PVC - The most polluting option is PVC. This material contains many harmful chemicals and is petrochemical-based; a non-renewable resource. During the production process, dioxins are released which are toxic to humans and animals. Dioxins remain in the environment long after PVC is manufactured. Throughout its entire lifespan PVC releases toxic fumes (including dioxins), exposing its user to potential health risk. When PVC ends up in a landfill it does not decompose like genuine leather and can release dangerous chemicals into the water and soil. Burning it is also not a good option, as it then releases even more toxins. All in all, not a sustainable option! Luckily, PVC is being phased out or even banned by many brands.
PU - Polyurethane is currently a more popular leather alternative in the fashion industry. The manufacturing of PU is cleaner than PVC, but chemicals still need to be used. PU is also petroleum-based (non-renewable). There are alternatives to conventional PU: water-based and solvent-free PU. It’s a chemical story, but the bottom line is that there are fewer harmful chemicals needed, and the energy needed for the production can also be lower. PU is applied as a coating on a fabric backing to create the leather look effect. Using recycled materials as a backing can help to minimize the impact of the material.
Bio-based materials - The cleanest or ‘most sustainable’ leather alternatives are made from natural resources. Think about materials like cork, paper, pineapple leaves (Piñatex), apple waste, cactus, mango waste, etc. Bio-based means that the material is (partly) derived from biomass (plants). This is favorable to petroleum-based materials because bio-based resources are renewable. Many bio-based leather alternatives are finished or combined with non-biodegradable components like PU, to increase the strength and durability of the material. Unfortunately, this means that the entire material is no longer biodegradable. However, the manufacturing of these materials requires less energy, water, and/or chemicals, and the materials are usually developed with sustainability in mind. Most of these innovative materials also have a circular component, meaning that they are partly made from waste.
Example: One example of a new bio-based alternative to leather is apple skin. This is the material that we have used for the vegan bag collection of Lisa Marin. To make apple skin, waste from the food processing industry in Italy is combined with PU and applied on a backing material made from cotton and polyester.
Image by Lisa Marin
Between the different bio-based materials there are many distinctions in origin, production process, and impact. Because these materials are so new, there are no life-cycle assessments (LCAs) available to compare energy footprint, lifespan, and after-life. So, we will have to wait to see which of these materials comes out on top as an environmentally friendly alternative to leather.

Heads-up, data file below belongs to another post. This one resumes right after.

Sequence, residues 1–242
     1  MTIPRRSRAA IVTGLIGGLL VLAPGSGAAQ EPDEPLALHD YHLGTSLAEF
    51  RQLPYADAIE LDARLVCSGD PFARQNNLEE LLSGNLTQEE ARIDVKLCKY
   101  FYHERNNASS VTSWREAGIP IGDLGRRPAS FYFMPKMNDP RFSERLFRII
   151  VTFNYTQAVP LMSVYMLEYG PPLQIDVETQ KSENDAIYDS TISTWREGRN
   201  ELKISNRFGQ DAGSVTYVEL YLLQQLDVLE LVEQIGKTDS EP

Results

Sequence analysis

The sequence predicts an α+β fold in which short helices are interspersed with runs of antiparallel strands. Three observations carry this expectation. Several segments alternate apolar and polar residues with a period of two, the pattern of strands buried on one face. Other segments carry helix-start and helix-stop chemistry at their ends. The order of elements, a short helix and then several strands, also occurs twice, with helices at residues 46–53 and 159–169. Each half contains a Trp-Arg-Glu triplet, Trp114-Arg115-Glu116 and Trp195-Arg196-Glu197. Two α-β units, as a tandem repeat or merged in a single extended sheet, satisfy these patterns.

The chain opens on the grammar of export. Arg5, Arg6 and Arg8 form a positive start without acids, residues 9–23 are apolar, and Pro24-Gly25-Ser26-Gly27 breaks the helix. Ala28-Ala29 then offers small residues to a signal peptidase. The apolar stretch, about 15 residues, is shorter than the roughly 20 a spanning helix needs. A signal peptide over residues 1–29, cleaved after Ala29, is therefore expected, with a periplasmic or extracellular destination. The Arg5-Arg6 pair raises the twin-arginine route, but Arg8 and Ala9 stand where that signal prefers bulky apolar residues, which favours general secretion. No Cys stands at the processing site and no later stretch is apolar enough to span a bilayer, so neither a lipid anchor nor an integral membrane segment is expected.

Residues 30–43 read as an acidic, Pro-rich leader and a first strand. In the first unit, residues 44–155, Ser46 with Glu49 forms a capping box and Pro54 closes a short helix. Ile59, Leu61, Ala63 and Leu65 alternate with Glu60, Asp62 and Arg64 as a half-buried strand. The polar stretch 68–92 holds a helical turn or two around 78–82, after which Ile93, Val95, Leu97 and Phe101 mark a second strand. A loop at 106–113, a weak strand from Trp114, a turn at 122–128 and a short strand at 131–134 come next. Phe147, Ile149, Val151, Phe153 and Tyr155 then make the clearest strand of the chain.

The future of bio-based materials
There are more exciting innovations happening in this field. Bio-fabricated materials are a promising new material group that is cultured in a lab or brewery. Most of these materials are so new that they are not yet commercially available. Mushroom (or mycelium) materials, are examples of materials that are grown in a lab. Mycelium material is starting to become available on an industrial scale. The vegetarian fashion brand Stella McCartney has investing in the development of a new mycelium material and has launched a first bag made of this material mid 2022.
Bioengineering is also being practiced by Modern Meadows, a well-known startup within the field. They have modified yeast to spit out the collagen, this is done in a brewing process similar to beer brewing. The collagen is then moulded, tanned, and dyed into a material that can be fine-tuned to exact specifications on texture, thickness, stretch, and colour. - This material can not be called 'vegan' as yeast is a living microorganism.
Other promising innovations are Mirum - a 100% bio-based, fully biodegradable, and circular alternative to leather and Reishi - a 100% bio-based mycelium based material that is lab-grown.
Support positive change
Not all leather alternatives on the market are perfect when it comes to environmental impact. As we explained, some materials contain petroleum-based components for example. However, we would like to argue that new initiatives need to be supported. It will take some work to achieve ‘perfect’ material that is climate neutral, made from renewable resources, and fully biodegradable or closed loop. Demand drives innovation and investment. Both are needed to achieve a high standard in environmentally friendly materials. So, if there is more demand for vegan products, more time and resources will be spent on innovation. If we support innovation and sustainable development, the fashion industry will move forward in a sustainable direction.
How to find vegan 'leather' for your products
We can imagine, that with this information you would like to take action right away and start using these alternatives instead of real leather. But where to find the right material for your product?
Some materials, like Piñatex® by Ananas Anam and MuskinTM by Life Materials are easy to order online and have much information available on their website. This is not the case for all, however, and some manufacturers are so overwhelmed by all the inquiries that they are not taking any new requests. The Sustainability Club has mapped out all the bio-based leather alternatives that are available or in development. We also have swatches available in our Sustainable Fabric Library. You can contact us if you need advice, or if you would like us to help you to find the right material for your products.
Image by The Sustainability Club
Pulse of the Fashion Industry, Copenhagen Fashion Summit, 2017
Sustainable Material Guide, Modint, 2016
The True Cost, documentary, 2015
Circular Design sprint, Circular Fashion, 2020
Dioxins and their effects on human health, World Health Organization, 2016
PVC: The Poison Plastic, Greenpeace, 2013
Fashion’s long hunt for the perfect vegan leather, Vogue business, 2019